President Joe Biden signed a $40 billion aid package to Ukraine over a week ago, bringing total taxpayer funding for the war-torn nation to roughly $54 billion with Republican support — but where exactly these additional funds are coming from remains a mystery.
The bill, which offers $7 billion more than the president requested, passed the House with 149 Republicans voting in favor, and another 25 Republicans in the Senate securing its passage a week later. Only 57 Republicans in the House and 11 Republicans in the Senate voted in opposition.
GOP Missouri Sen. Josh Hawley condemned the package as a colossal donation made against “American interests.”
“It neglects priorities at home (the border), allows Europe to freeload, short changes critical interests abroad and comes w/ no meaningful oversight,” Hawley tweeted ahead of the Senate vote. He also published an op-ed critical of a neocon resurgence within the Republican Party last Tuesday.
Republicans outside congressional leadership who championed the bill include Iowa Sen. Joni Ernst, South Carolina Sen. Lindsey Graham, and Texas Rep. Dan Crenshaw.
Days after the vote in the lower chamber, Crenshaw went on Fox News to defend his support for the billions sent to Ukraine, calling it a vehicle to pivot our foreign policy focus from Russia to China.
“This is an investment in the severe degradation of our second biggest adversary, the Russian military,” Crenshaw said. “That allows us to do something. That allows us to focus on our actual biggest adversary, which is China.”
Graham made a similar case on the same network, claiming the fate of Taiwan depends on the fate of the Ukrainians.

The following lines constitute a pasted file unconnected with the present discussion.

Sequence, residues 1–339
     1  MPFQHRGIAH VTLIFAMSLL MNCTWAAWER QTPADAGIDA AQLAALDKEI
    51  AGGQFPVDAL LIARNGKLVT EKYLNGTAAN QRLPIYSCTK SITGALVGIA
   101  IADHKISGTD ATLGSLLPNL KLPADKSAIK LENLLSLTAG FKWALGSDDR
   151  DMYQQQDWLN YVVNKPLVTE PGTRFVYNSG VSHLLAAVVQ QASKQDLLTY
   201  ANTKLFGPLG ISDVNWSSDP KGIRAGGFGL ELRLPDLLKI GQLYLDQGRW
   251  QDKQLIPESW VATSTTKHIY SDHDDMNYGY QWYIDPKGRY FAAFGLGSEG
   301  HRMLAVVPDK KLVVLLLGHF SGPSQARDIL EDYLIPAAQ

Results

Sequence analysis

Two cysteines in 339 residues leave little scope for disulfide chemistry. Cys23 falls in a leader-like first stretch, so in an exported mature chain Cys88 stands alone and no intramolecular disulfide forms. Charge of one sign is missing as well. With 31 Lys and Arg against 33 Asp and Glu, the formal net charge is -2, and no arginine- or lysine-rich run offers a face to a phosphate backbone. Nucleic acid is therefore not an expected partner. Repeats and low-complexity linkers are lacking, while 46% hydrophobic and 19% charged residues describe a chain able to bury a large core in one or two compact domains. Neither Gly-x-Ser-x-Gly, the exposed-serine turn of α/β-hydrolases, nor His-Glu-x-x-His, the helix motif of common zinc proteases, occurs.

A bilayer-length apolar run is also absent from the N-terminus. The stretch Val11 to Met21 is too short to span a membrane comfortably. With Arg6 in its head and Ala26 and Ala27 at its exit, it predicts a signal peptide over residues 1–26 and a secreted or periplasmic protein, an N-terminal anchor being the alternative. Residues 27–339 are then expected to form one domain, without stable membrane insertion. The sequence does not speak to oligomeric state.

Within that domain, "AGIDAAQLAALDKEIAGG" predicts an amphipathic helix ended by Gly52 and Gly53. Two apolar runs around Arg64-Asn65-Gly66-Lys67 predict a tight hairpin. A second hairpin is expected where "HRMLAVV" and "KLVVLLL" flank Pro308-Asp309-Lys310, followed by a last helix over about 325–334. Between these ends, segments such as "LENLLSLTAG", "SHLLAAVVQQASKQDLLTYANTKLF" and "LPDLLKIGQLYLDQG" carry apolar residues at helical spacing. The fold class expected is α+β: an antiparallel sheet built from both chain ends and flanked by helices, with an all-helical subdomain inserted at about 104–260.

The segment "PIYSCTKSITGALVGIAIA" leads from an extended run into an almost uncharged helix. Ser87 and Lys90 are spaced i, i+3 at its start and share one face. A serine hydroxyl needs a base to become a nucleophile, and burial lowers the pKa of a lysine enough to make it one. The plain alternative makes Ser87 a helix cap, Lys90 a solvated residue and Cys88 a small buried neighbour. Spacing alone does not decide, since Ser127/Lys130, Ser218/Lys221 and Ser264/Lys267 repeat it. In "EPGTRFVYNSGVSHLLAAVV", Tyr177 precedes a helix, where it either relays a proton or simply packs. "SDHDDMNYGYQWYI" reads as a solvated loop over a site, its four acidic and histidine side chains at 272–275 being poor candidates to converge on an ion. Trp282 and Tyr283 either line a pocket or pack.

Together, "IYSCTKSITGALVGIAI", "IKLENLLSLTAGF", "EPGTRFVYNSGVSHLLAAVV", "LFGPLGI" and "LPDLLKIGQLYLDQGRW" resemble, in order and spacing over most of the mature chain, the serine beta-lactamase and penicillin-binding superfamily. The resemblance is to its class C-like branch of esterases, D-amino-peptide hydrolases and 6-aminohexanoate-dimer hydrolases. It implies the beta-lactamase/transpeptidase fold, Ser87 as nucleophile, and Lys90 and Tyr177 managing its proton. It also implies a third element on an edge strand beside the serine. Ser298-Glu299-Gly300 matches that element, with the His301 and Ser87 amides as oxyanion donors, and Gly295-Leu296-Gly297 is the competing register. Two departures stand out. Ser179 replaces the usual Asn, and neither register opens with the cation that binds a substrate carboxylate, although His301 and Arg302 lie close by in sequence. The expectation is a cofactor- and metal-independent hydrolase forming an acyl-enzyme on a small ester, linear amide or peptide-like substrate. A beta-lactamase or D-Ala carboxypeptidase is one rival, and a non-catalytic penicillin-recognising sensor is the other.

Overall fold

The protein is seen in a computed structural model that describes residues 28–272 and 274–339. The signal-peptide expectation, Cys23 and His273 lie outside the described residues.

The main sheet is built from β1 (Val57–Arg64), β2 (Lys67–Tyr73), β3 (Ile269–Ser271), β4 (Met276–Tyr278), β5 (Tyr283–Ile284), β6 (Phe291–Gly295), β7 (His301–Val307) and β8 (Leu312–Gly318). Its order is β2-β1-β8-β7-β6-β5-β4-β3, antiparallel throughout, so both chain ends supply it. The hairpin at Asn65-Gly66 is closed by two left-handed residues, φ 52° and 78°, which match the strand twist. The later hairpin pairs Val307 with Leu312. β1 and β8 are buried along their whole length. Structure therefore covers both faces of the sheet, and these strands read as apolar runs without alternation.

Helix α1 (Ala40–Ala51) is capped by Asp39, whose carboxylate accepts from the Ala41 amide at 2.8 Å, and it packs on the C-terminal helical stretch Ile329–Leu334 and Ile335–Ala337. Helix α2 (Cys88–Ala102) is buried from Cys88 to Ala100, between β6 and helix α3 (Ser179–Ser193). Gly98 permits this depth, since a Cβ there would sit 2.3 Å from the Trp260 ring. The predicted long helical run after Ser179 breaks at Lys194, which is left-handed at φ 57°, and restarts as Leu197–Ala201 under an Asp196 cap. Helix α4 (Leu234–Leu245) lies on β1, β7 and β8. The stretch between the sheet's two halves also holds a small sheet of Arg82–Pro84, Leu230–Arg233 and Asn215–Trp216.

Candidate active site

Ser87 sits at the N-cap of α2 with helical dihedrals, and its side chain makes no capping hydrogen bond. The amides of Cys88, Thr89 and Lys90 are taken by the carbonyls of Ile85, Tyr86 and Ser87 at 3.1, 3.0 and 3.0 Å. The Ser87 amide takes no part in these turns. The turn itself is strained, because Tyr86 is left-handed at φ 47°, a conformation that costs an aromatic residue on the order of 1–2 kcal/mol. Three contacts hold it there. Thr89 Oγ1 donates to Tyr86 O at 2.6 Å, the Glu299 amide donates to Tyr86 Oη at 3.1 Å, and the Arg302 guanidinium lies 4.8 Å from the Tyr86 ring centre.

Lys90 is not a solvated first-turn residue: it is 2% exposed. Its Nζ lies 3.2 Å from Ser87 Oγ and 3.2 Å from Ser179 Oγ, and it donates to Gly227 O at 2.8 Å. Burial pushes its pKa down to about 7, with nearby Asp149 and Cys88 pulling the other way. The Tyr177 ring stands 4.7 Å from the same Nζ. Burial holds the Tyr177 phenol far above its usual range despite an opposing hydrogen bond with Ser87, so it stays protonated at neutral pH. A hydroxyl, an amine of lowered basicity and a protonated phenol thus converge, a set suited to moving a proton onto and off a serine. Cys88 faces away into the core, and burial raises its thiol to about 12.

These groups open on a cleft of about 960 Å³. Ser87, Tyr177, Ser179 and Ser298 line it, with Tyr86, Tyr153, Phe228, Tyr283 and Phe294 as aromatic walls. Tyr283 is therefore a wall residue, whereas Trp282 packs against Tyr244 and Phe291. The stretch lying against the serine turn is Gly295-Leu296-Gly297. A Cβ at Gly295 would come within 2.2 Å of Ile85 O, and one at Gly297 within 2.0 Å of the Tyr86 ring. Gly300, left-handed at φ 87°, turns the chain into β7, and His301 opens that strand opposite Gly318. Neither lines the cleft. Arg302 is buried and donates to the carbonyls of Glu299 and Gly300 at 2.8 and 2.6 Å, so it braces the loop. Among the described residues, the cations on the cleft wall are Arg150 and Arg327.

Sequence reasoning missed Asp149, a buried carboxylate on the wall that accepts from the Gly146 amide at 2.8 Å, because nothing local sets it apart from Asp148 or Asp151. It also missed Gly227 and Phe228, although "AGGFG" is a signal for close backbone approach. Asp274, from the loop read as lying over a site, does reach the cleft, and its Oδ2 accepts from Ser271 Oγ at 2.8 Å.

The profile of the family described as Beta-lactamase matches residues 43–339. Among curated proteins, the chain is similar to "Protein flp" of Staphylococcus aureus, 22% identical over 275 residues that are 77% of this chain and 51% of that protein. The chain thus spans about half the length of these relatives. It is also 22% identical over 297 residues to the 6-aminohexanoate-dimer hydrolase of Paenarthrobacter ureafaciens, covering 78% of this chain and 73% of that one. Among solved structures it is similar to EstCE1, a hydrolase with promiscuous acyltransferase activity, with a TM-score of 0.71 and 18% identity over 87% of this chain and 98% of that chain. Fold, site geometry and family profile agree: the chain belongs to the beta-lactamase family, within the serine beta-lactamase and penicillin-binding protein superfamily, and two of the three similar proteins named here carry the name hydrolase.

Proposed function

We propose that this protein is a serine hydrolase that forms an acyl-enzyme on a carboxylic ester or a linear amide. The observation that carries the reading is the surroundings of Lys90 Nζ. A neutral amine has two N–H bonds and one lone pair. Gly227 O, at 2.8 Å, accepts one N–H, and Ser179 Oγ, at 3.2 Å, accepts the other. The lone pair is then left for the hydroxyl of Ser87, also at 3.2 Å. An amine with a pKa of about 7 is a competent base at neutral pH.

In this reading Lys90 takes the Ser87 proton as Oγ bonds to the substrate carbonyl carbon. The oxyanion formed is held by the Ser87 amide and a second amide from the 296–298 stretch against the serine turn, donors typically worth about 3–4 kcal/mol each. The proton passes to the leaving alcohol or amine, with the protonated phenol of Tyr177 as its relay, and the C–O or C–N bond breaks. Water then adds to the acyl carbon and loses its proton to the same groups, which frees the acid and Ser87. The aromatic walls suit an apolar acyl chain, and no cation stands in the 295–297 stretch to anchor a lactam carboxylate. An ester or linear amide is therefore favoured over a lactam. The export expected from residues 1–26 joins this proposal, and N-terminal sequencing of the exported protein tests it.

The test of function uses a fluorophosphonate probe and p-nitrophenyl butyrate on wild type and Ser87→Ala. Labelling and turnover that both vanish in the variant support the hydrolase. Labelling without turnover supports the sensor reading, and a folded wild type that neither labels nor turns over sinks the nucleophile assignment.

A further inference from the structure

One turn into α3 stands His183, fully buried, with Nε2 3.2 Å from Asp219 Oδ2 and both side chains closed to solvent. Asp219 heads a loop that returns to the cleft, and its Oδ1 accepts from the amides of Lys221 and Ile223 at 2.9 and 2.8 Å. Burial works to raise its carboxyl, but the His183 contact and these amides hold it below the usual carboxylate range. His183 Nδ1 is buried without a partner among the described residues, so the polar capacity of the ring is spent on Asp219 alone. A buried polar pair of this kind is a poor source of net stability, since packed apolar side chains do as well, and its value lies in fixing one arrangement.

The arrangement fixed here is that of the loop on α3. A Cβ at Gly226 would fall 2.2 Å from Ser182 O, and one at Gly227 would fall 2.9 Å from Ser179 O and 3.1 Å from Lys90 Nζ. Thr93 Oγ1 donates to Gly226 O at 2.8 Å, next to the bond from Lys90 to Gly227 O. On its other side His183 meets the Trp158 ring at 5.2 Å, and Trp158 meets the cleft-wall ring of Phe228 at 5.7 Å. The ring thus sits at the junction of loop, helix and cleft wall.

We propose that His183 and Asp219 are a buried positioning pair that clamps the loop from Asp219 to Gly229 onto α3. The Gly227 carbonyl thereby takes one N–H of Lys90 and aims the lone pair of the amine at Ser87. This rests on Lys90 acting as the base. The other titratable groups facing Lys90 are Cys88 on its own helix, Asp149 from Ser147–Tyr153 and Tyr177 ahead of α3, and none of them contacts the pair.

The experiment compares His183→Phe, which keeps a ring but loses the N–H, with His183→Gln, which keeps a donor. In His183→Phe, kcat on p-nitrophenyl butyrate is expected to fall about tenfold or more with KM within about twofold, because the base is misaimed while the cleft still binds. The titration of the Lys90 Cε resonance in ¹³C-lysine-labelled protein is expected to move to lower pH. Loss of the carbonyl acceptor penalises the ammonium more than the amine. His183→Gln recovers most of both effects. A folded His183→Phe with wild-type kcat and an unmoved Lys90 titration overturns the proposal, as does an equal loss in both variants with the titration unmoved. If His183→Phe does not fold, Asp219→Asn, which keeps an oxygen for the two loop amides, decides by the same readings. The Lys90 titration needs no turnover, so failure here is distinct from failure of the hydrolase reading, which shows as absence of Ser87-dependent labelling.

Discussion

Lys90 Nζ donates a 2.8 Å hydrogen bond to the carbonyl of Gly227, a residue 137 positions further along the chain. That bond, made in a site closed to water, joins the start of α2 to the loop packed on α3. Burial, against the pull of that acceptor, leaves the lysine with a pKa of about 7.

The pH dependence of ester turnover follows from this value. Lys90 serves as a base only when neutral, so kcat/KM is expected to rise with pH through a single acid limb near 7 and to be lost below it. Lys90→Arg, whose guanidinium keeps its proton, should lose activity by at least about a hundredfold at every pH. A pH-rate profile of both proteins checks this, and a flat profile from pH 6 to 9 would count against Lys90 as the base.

“China is just waiting to see what to do with Taiwan. All the chips in the world for our high-tech industry come from Taiwan. So, there’s a lot at stake here,” Graham said, conceding that more federal attention ought to be paid to domestic issues. “We should have rational border policies. We don’t.”
Christian Whiton, a former senior adviser in the State Department under Presidents George W. Bush and Donald Trump who now serves as a senior fellow for the Center for National Interest, told The Federalist that if lawmakers were serious about a pivot to China, they would be already pivoting to China, not Ukraine.
“If you want to focus on Asia, you focus on Asia. This will get us deeper in the issues of Europe,” Whiton said of the billions in taxpayer dollars being shipped off to Ukraine. “We are actually increasing the moral hazard where we let Europe off the hook where we’re paying for its security. None of that is going to make it easier to shift to Asia.”
Lawmakers can’t give a straight answer on where exactly Congress’s appropriated funds for Ukraine will ultimately come from. When asked whether they would support raising taxes to pay for the $54 billion to Ukraine, each of the three — Crenshaw, Graham, and Ernst — offered different answers. Crenshaw’s office offered no response, while Ernst’s spokeswoman responded with a simple “no.”
Speaking in mid-May, Graham’s communications director Kevin Bishop told The Federalist the issue hadn’t yet been discussed.
“Graham has expressed support, including speaking on the floor yesterday, about seizing Russian oligarch assets to help with the costs associated with Ukraine,” Bishop said.
Whiton warned of “finite defense budgets” as tax dollars become scarcer amid recession and fiscal crises brought by unrestrained Washington spending.
“If everything is a priority, then nothing is a priority,” Whiton said. “Frankly when it comes to spending, when it comes to our attention span our focus needs to be on China now, not in some distant future.”